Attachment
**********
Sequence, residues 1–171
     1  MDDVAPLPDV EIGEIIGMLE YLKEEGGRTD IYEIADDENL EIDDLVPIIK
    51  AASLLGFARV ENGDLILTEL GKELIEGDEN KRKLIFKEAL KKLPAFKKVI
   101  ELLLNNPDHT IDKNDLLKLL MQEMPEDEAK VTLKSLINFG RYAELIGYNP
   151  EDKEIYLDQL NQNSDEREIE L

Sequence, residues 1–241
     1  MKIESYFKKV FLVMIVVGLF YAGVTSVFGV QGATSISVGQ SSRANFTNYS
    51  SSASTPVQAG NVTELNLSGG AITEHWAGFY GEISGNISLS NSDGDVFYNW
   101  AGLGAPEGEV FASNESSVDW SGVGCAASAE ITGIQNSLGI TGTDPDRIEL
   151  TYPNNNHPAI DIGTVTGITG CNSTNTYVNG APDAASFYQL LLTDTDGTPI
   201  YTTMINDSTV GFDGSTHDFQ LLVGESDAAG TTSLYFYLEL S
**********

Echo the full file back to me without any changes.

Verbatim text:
Sequence, residues 1–171
     1  MDDVAPLPDV EIGEIIGMLE YLKEEGGRTD IYEIADDENL EIDDLVPIIK
    51  AASLLGFARV ENGDLILTEL GKELIEGDEN KRKLIFKEAL KKLPAFKKVI
   101  ELLLNNPDHT IDKNDLLKLL MQEMPEDEAK VTLKSLINFG RYAELIGYNP
   151  EDKEIYLDQL NQNSDEREIE L

Sequence, residues 1–241
     1  MKIESYFKKV FLVMIVVGLF YAGVTSVFGV QGATSISVGQ SSRANFTNYS
    51  SSASTPVQAG NVTELNLSGG AITEHWAGFY GEISGNISLS NSDGDVFYNW
   101  AGLGAPEGEV FASNESSVDW SGVGCAASAE ITGIQNSLGI TGTDPDRIEL
   151  TYPNNNHPAI DIGTVTGITG CNSTNTYVNG APDAASFYQL LLTDTDGTPI
   201  YTTMINDSTV GFDGSTHDFQ LLVGESDAAG TTSLYFYLEL S